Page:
Kent House, front entrance.
Kent House - the former chip shop.
Kent House balconies.
From here it's best to either take a bus or jump on the Northern Line at Chalk Farm, go one stop to Camden Town and then one stop more to Kentish Town in the opposite direction. Turn right on to Highgate Road when leaving the station and within a few minutes you will see the former Forum Cinema, a large art deco building on the opposite side of the road. Completed in 1934, it was designed by architect J. Stanley Beard, whilst W. R. Bennett was responsible for the interior. The Forum could seat 2,175 people in the stalls and on a single balcony. It was taken over by Associated British Cinemas (ABC) in 1935, eventually adopting the ABC name in 1963 before closing in 1970. It then became a bingo hall followed by an Irish dance centre and finally a concert hall which is its current function. The Forum regained its origin name in 1993 and is now listed with Grade II status.

Former Forum Cinema, Highgate Road.
Central pillars, facade, Forum.
Built in the more ornate art deco style, the facade is dominated by six central pillars at first floor level, interspersed with decorative glazing, and which link to the Roman theme of the building's name and with the original internal decoration. The Forum is only open when there are concerts and as the programme does not feature "my kind of music" I have yet to go inside but it is possible to peep through the doors and see a little of the beautiful mosaic floor in the lobby. Beard and Bennet were also responsible for the Forum cinema in Ealing, also built in 1934 and of which only the facade remains today. The doors from the Ealing Forum were moved to Kentish Town a couple of years ago to replace the lost originals.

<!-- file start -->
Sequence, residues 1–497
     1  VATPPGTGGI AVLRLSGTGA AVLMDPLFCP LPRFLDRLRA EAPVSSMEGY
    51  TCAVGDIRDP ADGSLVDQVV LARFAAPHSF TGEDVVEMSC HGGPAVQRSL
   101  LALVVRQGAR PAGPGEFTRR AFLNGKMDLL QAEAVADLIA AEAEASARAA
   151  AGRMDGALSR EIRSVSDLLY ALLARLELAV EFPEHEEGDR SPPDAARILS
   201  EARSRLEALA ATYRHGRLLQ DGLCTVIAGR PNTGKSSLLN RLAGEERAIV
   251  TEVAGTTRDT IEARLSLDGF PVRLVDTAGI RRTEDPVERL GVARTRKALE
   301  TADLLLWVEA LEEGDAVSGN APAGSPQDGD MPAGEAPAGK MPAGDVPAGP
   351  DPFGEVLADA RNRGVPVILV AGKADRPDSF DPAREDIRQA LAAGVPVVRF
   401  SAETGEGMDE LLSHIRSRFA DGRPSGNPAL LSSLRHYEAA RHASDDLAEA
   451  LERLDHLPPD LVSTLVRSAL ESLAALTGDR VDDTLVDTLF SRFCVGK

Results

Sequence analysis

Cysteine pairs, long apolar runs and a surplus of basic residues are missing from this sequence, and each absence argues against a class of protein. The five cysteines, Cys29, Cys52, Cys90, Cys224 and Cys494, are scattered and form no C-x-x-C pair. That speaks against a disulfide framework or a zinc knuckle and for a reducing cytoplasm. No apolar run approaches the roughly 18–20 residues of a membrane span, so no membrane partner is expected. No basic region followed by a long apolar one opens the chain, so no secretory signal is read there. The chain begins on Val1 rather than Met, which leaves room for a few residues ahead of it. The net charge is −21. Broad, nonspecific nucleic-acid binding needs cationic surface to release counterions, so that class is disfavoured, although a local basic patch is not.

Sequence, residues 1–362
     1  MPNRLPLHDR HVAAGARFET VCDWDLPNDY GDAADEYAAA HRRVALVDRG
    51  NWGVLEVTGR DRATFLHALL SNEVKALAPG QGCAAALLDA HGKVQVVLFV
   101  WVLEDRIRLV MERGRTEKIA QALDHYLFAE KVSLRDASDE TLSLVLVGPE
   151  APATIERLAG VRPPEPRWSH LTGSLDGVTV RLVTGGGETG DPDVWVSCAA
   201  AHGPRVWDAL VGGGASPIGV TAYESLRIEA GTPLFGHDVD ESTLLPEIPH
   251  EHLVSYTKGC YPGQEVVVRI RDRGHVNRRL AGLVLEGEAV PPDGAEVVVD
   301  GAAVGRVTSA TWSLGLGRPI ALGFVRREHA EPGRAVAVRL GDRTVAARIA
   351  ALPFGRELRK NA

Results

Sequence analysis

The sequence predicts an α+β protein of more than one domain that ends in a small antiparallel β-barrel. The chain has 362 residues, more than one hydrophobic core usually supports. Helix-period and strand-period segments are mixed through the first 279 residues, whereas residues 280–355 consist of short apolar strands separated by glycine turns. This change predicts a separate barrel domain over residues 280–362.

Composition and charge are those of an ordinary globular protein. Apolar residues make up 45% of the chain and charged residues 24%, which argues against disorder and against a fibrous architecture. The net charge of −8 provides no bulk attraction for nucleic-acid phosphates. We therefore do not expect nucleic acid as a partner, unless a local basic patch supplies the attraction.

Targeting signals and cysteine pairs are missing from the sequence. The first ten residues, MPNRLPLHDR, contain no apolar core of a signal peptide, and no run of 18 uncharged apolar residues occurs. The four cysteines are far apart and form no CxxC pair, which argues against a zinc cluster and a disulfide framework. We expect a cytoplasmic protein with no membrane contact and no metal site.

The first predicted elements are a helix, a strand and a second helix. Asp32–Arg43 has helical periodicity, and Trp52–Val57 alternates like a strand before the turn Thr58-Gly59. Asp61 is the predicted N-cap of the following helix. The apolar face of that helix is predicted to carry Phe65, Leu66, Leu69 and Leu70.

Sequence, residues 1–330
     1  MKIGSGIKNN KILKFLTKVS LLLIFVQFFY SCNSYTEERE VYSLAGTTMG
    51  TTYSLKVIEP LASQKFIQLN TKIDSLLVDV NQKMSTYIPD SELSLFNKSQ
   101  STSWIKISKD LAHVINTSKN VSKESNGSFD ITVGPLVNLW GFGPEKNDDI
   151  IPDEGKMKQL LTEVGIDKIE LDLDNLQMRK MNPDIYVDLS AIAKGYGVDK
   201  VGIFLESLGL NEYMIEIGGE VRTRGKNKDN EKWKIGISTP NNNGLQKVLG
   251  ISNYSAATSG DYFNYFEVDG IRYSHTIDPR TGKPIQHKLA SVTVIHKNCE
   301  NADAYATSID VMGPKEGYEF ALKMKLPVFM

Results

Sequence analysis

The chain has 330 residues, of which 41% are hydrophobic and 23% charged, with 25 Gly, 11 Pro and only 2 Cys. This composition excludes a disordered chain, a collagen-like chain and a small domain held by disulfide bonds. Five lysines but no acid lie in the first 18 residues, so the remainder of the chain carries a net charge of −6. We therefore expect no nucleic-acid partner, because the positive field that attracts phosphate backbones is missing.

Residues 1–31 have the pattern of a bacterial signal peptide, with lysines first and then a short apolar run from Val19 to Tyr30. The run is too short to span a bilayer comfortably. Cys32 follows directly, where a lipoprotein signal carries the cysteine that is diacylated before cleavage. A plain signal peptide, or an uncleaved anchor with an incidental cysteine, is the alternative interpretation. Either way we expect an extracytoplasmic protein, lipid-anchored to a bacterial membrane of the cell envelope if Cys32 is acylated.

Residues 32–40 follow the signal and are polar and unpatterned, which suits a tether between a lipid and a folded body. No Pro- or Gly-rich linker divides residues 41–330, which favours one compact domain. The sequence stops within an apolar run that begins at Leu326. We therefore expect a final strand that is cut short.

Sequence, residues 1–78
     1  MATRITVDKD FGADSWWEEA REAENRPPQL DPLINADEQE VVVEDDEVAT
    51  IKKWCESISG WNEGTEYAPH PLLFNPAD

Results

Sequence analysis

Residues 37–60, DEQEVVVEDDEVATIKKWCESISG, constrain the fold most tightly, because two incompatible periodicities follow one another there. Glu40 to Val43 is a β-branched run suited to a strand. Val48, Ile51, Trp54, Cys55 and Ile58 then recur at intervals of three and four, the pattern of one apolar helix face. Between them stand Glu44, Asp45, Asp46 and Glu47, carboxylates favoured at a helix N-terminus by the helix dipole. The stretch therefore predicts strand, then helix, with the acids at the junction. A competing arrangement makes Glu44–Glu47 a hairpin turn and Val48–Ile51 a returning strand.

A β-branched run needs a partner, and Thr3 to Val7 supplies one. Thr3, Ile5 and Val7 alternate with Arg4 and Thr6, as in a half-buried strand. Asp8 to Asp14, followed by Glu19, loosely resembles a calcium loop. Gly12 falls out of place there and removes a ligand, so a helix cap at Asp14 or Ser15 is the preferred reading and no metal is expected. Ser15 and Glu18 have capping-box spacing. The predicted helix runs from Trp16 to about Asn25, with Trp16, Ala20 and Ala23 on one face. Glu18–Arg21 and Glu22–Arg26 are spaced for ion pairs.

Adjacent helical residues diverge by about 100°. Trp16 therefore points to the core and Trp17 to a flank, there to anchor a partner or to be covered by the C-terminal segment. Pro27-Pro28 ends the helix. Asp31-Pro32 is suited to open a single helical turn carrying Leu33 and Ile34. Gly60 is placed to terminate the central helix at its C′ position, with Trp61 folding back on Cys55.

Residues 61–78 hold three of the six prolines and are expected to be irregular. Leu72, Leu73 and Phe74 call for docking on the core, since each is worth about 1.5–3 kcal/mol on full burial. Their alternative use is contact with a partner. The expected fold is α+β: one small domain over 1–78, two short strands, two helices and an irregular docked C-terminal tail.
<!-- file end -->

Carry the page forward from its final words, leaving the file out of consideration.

West Hill Court, Millfield Lane.
From the Forum, it takes about 20 minutes to walk up Highgate Road until you reach Millfield Lane which branches off the main road and has a view of Hampstead Heath. The walk is uphill but there are several buses that take this route if it's a bit too far on foot, or alternatively there are several cafes to have a break. At the weekend there are often farmer's markets and other events on this side of the Heath, so you might also want to make another slight detour before reaching our final destination - West Hill Court. 

Designed by William Bryce Binnie and built in 1933, this beautiful white apartment block would perhaps be more at home in the sunshine of Melbourne, Tel Aviv or Nice than north London on a grey January day. It is a large block with a roof terrace, balconies for the apartments immediately above the main entrance and what appear to be the original crittall windows. A two bedroom flat was recently offered for sale here at just short of £900,000. For that you would get 971 square feet, porter services and access to a private tennis court, squash court and a "kitchen garden". Keep buying the lottery tickets.

Scottish born architect Binnie was extremely accomplished having studied at the Glagow School of Art where he obtained a gold medal. He worked briefly in New York and was involved in the design of Grand Central Station, before returning to the UK, where his work included the West and East stands of Arsenal football stadium and Addisland Court in Shepherd's Bush. Other overseas commissions included the luxurious Hotel Phoenicia in Malta.

Main entrance, West Hill Court.
West Hill Court is our final stop but if you want to explore more of Camden's art deco and modernist buildings,  you might like these - Picture Post 32 - Lawn Road Flats, Belsize Park - modernist masterpiece, artists and spies, More Hampstead Modernism or 2 Willow Road, Goldfinger in Hampstead.